Commercial rumor about an organization or brand, especially on social media, presents a special challenge for marketers and communication practitioners because of the fast flow and exchange of information among peers. Despite the importance of refuting rumors quickly and effectively, research on the effects and effectiveness of refuting rumor messages has been limited. To advance the literature in this emerging research area, the current project examines the impact of an interpersonal relational factor on the dissemination and effectiveness of rumor-refutation communication. The role of interpersonal relational factors is particularly important given that rumors spread through word-of-mouth (WOM) communication. Rumor-refutation communication should also utilize the same communication conduit for rapid and effective refutation. To advance rumor-refutation research and address the rising problem of commercial rumors, this dissertation project aimed to examine 1) how interpersonal influence among peers affects the belief and retransmission of rumors and rumor-refutation messages, and 2) potentially influential message characteristics that could help enhance interpersonal influence on readers’ belief of the rumors and rumor refutation messages, and the retransmission of rumor-refutation messages. To achieve these research goals, this study adopted a multi-method approach. Study 1 is a between-subjects repeated-measures experiment with a 2 (high-trustworthy vs. low-trustworthy source) x 2 (presence vs. absence of a trust cue) design that examines how the trustworthiness of the message source and a trust cue designed to induce message trustworthiness affect the belief and retransmission intention of rumors and rumor-refutation messages. Study 2 utilizes a computational research approach using the Trust Scores in Social Media (TSM) algorithm to test how mathematically captured trustworthiness scores of the sources of rumor-refutation messages influence actual message retransmission and how such an effect is moderated by the presence of trust cues included in the messages. The key findings in Study 1 revealed that a high-trustworthy source compared to a low-trustworthy source led to higher levels of rumor-refutation message belief and retransmission intention, but source trustworthiness did not affect the extent of reduction in the rumor belief and retransmission intention. Inclusion of a trust cue also did not moderate the impact of source trustworthiness on the belief and retransmission intention for both the rumor and rumor-refutation messages. Instead, it showed main effects in increasing the rumor-refutation message belief and retransmission intention, and a decreasing rumor belief and retransmission intention. The findings in Study 2 further confirmed the effects of the trustworthiness of the source on rumor-refutation message retransmission. However, inclusion of trust cues did not augment the source trustworthiness effects. The results indicated that the influence of source trustworthiness was stronger when the rumor-refutation message had no embedded trust cue. This study advances the rumor and electronic word-of-mouth research field by revealing how interpersonal influence among peer social media users can contribute to the effects and effectiveness of rumor-suppression communication. The findings also offer useful practical implications for identifying effective rumor-refutation dissemination hubs and refutation message-crafting strategies for a successful rumor-suppression campaign.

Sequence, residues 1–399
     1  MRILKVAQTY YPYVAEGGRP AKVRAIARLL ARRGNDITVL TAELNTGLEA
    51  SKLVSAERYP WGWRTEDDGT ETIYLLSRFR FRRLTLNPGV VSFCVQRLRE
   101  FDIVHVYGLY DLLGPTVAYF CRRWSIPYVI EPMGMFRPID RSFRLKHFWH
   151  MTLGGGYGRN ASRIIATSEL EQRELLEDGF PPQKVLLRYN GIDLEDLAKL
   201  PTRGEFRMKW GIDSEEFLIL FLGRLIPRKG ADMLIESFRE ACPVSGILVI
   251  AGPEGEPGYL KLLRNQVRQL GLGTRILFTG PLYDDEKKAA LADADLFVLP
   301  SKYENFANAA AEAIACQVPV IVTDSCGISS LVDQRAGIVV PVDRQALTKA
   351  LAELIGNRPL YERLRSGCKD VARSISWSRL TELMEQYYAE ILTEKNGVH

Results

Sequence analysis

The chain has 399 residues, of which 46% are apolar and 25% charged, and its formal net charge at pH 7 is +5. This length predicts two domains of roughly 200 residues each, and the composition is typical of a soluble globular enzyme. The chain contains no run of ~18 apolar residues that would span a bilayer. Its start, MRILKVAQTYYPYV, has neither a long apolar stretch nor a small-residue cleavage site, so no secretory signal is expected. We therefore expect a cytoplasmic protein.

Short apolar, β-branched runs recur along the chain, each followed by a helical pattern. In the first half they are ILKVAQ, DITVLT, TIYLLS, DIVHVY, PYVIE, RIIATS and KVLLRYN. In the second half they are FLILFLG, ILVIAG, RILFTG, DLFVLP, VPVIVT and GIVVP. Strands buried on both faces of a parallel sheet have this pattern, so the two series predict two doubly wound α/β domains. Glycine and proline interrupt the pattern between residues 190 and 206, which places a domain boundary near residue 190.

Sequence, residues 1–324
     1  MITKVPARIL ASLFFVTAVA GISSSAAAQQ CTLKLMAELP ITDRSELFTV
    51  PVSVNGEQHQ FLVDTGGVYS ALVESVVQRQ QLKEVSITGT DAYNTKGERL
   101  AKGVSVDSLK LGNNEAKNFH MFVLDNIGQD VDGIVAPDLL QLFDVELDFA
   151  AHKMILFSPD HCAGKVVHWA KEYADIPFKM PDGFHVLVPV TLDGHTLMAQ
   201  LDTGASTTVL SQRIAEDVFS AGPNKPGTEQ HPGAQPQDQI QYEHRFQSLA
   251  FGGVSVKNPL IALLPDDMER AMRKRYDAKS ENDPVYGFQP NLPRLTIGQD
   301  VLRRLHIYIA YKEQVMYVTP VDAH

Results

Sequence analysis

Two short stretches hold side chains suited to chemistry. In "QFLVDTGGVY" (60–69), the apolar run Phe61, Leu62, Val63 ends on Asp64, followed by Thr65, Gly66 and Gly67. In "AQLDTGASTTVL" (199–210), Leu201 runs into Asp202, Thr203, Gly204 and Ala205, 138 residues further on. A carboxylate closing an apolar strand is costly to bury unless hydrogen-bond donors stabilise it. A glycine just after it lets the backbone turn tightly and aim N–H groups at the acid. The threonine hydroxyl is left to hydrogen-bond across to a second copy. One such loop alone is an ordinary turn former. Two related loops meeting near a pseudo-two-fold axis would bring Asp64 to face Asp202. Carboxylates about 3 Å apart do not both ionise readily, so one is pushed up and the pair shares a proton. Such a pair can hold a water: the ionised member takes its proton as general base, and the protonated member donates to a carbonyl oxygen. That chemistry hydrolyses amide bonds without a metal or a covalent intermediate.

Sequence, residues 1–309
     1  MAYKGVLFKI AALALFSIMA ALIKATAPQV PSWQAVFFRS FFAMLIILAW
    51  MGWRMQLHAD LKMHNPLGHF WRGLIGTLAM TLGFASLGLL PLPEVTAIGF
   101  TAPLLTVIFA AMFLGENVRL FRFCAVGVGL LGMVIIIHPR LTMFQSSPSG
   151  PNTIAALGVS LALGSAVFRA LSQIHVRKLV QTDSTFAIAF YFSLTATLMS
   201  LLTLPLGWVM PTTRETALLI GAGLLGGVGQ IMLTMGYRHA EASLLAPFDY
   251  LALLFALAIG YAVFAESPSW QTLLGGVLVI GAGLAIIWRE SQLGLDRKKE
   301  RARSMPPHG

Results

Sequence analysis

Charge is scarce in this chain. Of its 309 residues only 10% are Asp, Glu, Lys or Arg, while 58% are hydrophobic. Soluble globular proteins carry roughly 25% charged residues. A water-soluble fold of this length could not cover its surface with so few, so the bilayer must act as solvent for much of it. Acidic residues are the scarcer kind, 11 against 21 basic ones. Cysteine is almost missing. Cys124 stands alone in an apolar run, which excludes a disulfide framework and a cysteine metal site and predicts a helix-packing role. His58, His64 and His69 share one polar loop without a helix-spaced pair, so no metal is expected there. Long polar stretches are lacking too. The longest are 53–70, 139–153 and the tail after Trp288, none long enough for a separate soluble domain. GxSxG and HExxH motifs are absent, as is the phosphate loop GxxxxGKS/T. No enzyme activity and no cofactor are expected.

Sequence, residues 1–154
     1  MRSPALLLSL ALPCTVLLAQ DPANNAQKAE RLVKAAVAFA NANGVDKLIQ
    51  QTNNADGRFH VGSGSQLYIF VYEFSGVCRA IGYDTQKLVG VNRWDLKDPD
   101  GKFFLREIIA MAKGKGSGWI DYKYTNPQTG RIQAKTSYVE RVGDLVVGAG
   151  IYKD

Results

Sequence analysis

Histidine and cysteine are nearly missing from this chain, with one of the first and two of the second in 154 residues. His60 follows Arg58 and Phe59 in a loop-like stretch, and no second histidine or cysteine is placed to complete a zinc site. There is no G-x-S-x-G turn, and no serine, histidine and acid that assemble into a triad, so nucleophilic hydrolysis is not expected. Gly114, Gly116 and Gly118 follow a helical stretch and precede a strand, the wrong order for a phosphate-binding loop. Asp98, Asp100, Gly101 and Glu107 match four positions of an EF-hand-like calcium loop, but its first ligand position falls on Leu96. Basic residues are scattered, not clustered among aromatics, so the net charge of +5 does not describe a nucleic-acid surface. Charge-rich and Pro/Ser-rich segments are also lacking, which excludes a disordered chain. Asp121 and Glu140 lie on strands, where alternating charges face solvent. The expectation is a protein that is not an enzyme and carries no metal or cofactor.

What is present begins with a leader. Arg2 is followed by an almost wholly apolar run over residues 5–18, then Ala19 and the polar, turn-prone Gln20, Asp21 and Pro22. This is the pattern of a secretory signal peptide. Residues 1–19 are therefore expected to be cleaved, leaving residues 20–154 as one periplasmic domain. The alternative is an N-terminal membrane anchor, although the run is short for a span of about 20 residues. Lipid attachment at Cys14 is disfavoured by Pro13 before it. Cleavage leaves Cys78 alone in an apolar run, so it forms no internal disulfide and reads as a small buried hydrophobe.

University of Minnesota Ph.D. dissertation. August 2019. Major: Mass Communication. Advisor: Jisu Huh. 1 computer file (PDF); viii, 196 pages.
The Role of Trust in Rumor Suppression on Social Media: A Multi-Method Approach Applying the Trust Scores in Social Media (TSM) Algorithm.
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